The following post comes from Gary Foreman at partner site The Dollar Stretcher.
It’s a subject that none of us wants to think about. Young or old, we don’t want to think about our own death. Adding money to the mix only makes it worse.
So let’s do something today that we don’t want to do. Let’s evaluate your estate planning and see if it’s adequate for the job. For the record, I’m not an attorney, and this isn’t meant to be legal advice. I’ve been a financial planner and often referred clients to get legal advice. This is meant to do the same.
First, let’s create working definitions for a couple of commonly used terms…
- Estate refers to what financial and physical assets you own (or partially own) at the time of your death.
- Estate planning is the planning you do before your death to make sure that your wishes are followed after death.
- A will is the most commonly used document to make your wishes known to those who survive you and any appropriate government authorities.
You’ll need to decide what you want your estate plan to do. Someone will need to be named the “executor” (or boss) of your estate. They’ll assume the responsibility of executing your last wishes. That person does not need to be a lawyer. Any adult with good judgement will do. Often a family member is chosen. But you may want someone from outside the family like a lawyer or bank to do the job.
You’ll want something that will provide instructions on how to distribute your financial assets and physical property. You may want specific items to go to designated persons. Or you may want to make it clear that certain persons are to be excluded from any inheritance.
If you have children, you’ll want to specify who you want to raise your kids. Remember that they’ll need someone to take care of them both physically and to manage their finances until they reach adulthood. Quite often minor children are left financial assets in a parent’s estate.
You’ll also want to consider whether any estate taxes could apply. If so, you may be able to take steps to reduce the tax burden your heirs will face.
OK, now that we’ve spent some time thinking about what we want to happen after we’re gone, let’s talk about how we make sure that it does happen.
In most cases the primary document is a will or “last will and testament.” A will is a very specific document. It’s not a list of items with names next to them that you keep in your safe deposit box.
A will is a legal document that contains certain elements that are required by state law. While none of these elements is difficult, failure to include them could invalidate the will. And, to complicate matters, each state has slightly different requirements. Make sure that your will is legal in your state. And have it rechecked if you’ve moved to a new state since it was written.
Many single adults think that they don’t need a will. Typically they’re wrong. Without a will, it take could months to have someone assigned to sell a car owned by the deceased or pay any bills. There could even be a problem finding someone to pay funeral expenses.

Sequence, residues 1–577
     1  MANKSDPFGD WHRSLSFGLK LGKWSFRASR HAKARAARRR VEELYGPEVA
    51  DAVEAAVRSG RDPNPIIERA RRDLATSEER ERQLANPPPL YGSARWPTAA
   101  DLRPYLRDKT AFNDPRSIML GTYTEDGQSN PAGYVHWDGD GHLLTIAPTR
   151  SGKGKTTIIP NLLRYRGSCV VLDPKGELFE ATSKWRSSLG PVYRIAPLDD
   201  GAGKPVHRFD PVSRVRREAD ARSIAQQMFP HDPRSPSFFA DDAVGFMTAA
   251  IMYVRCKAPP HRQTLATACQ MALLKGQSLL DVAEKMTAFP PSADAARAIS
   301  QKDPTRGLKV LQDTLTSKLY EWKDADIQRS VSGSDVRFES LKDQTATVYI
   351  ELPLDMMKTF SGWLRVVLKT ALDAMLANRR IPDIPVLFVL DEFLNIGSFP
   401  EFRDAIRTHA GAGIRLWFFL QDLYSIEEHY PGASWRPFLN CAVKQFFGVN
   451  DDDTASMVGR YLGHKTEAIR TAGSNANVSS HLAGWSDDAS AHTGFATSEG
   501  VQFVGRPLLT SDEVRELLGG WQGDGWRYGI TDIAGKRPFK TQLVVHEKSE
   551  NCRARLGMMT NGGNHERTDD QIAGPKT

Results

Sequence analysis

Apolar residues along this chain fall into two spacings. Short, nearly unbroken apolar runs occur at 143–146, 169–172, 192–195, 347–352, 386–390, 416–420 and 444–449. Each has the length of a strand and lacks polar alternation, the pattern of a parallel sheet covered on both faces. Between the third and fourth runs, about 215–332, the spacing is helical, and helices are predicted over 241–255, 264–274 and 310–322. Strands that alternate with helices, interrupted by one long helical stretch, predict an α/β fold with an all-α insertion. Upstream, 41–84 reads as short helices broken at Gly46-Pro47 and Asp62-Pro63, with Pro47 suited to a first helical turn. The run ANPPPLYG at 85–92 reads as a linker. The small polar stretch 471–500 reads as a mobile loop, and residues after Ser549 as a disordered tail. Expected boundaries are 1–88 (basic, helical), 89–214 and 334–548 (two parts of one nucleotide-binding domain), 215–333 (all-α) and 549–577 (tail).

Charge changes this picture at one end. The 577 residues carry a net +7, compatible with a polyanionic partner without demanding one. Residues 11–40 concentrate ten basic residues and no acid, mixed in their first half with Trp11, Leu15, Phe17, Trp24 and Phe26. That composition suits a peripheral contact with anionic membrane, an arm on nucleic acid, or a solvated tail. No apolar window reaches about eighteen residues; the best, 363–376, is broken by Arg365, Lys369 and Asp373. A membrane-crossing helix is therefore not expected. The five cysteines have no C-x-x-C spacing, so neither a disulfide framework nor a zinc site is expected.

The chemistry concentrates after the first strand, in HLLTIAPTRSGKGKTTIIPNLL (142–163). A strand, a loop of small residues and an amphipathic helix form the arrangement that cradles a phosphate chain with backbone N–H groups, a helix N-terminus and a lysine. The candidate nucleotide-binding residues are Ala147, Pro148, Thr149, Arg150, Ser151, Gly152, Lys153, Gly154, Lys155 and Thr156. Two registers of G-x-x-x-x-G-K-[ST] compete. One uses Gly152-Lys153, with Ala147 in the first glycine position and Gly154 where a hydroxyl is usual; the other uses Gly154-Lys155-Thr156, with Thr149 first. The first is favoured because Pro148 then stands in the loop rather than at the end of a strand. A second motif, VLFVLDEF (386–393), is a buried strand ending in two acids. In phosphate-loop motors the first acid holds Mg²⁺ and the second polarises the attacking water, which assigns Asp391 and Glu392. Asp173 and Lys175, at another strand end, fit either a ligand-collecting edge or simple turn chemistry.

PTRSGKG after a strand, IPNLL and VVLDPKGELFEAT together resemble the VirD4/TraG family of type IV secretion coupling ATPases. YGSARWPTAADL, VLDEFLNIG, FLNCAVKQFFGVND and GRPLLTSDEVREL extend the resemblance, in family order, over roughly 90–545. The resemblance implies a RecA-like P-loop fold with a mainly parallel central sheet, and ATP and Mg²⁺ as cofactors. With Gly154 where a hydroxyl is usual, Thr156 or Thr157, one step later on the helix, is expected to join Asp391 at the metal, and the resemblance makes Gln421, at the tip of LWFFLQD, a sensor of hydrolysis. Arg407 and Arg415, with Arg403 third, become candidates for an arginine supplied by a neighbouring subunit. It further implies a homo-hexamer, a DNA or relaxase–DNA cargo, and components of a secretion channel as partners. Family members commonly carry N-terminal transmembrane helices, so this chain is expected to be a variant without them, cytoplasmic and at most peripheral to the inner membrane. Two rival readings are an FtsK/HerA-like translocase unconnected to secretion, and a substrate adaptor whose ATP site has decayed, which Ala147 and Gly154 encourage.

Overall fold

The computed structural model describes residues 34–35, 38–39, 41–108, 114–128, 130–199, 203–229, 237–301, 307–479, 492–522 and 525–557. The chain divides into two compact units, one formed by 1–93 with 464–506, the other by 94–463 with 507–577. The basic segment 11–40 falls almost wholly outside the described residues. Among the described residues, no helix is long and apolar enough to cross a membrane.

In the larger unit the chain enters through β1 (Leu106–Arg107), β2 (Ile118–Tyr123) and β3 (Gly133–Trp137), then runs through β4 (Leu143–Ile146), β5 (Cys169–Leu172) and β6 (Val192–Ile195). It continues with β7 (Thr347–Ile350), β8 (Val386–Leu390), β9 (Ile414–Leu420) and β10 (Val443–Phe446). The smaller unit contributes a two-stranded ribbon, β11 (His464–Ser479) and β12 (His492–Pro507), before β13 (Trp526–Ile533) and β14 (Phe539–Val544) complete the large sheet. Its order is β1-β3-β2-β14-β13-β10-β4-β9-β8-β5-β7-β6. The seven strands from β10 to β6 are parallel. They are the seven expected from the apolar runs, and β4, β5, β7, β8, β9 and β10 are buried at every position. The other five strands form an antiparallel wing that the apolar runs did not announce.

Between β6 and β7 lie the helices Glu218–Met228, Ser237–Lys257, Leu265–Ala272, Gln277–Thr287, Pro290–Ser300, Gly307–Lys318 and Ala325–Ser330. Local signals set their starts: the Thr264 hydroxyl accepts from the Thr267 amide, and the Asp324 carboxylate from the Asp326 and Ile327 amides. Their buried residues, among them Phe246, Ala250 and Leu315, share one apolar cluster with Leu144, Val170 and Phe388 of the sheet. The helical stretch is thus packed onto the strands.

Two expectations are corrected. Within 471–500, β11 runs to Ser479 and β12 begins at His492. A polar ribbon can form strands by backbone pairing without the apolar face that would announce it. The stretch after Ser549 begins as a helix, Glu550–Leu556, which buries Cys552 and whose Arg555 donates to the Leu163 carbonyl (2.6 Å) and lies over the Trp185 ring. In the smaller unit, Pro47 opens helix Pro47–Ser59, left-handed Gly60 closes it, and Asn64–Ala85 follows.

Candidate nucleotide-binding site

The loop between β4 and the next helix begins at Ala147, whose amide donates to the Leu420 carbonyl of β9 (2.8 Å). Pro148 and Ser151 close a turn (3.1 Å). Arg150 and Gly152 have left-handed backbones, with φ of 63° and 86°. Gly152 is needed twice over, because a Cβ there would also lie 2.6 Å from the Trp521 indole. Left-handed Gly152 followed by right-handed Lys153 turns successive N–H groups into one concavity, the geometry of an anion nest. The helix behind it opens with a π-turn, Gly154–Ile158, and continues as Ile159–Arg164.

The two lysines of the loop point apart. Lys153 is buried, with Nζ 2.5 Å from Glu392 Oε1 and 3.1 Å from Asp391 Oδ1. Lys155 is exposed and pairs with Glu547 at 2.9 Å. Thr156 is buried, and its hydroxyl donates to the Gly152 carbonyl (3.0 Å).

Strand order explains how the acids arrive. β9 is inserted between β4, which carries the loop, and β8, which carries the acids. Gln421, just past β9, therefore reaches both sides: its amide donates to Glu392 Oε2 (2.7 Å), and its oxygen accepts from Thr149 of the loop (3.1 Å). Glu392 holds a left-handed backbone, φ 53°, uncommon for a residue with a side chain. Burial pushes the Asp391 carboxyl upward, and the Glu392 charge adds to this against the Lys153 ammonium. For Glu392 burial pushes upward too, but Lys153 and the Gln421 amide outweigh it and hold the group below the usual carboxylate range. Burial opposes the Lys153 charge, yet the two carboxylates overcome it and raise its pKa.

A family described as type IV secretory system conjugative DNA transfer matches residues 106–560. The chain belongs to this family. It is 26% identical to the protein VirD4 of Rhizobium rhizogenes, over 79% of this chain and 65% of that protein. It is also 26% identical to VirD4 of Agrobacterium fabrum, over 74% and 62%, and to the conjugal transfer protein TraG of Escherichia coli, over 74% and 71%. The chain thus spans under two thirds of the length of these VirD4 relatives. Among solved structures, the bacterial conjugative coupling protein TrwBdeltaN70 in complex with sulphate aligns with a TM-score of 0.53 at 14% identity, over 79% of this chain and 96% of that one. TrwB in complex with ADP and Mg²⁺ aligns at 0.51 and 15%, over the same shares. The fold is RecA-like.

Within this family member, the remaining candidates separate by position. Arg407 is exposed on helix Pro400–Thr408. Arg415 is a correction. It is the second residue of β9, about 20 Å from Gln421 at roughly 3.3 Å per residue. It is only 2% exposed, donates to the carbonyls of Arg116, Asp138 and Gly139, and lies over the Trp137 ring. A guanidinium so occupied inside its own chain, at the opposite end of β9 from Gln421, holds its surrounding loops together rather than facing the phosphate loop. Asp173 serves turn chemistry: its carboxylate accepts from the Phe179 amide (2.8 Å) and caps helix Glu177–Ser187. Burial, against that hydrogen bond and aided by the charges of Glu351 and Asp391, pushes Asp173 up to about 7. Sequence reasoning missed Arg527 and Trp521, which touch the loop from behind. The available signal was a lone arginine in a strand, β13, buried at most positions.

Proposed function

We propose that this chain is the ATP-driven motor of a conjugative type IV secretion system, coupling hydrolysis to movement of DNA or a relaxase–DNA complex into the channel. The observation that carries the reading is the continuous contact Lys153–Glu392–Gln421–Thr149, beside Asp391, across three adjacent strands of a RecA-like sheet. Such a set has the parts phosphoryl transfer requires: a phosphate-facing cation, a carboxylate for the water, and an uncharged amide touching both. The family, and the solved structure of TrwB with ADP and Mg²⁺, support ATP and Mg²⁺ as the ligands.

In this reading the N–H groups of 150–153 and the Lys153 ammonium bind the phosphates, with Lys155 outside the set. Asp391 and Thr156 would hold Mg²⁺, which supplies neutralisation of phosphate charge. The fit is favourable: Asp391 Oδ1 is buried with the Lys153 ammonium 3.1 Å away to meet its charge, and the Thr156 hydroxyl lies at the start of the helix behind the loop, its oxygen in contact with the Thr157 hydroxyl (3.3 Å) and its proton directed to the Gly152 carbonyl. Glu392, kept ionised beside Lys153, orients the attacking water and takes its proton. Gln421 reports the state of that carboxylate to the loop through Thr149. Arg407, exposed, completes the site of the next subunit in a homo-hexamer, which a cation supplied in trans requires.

Another common misconception is that married couples can solve the problem by putting everything into joint accounts. Unfortunately, not everything can be titled jointly (think of jewelry or home electronics). And even if everything is held jointly, what happens if both spouses die in an accident?
Dying without a will can leave a real mess. State law will determine who is the executor and how your property will be distributed. That might not produce the results you want. For instance, in some cases law dictates that some inheritance goes to children before the surviving spouse.
It’s especially important for unmarried couples. State laws are a patchwork. In some places, they recognize commonlaw marriage the same as one registered with the state. In other places, a life-long live-in partner is accorded no more rights that a complete stranger.
State laws are also problematic for couples in a second marriage. You may think certain assets that you brought into a second marriage should go to the children of your first marriage. The state might think otherwise.
Bottom line? Just about everyone who has reached adulthood should have a will.
Being frugal, it’s tempting to want to write your own will or buy a form where you just fill in the blanks. Normally, I encourage do-it-yourself efforts. But in this case that could be a mistake. Remember that if something isn’t done right no one will know until after you’re gone and can’t correct it. A small mistake could be very costly. This might be one of those cases where hiring a professional is good money management.
That doesn’t mean that you can’t shop around to save some money. And, if you’ve already thought about what you want your estate plan to accomplish you’ll reduce the number of hours the attorney will spend preparing your will. That will save you some money.
Finally, you’ll want to make sure that your executor has access to a copy of your will when you die. They will need it as proof that they can make decisions for you. Give them a copy of the will, or, if you’d prefer that they not see it, give a copy to your lawyer and let the executor know who the lawyer is. Don’t put the only copy in your bank box. The bank will not let the executor enter just because they say they have a right. The bank will require proof. And that proof is locked in your box.
Planning for your estate does not need to be expensive. Unless your financial or personal affairs are complicated, getting the documents prepared isn’t that expensive. But it is important.
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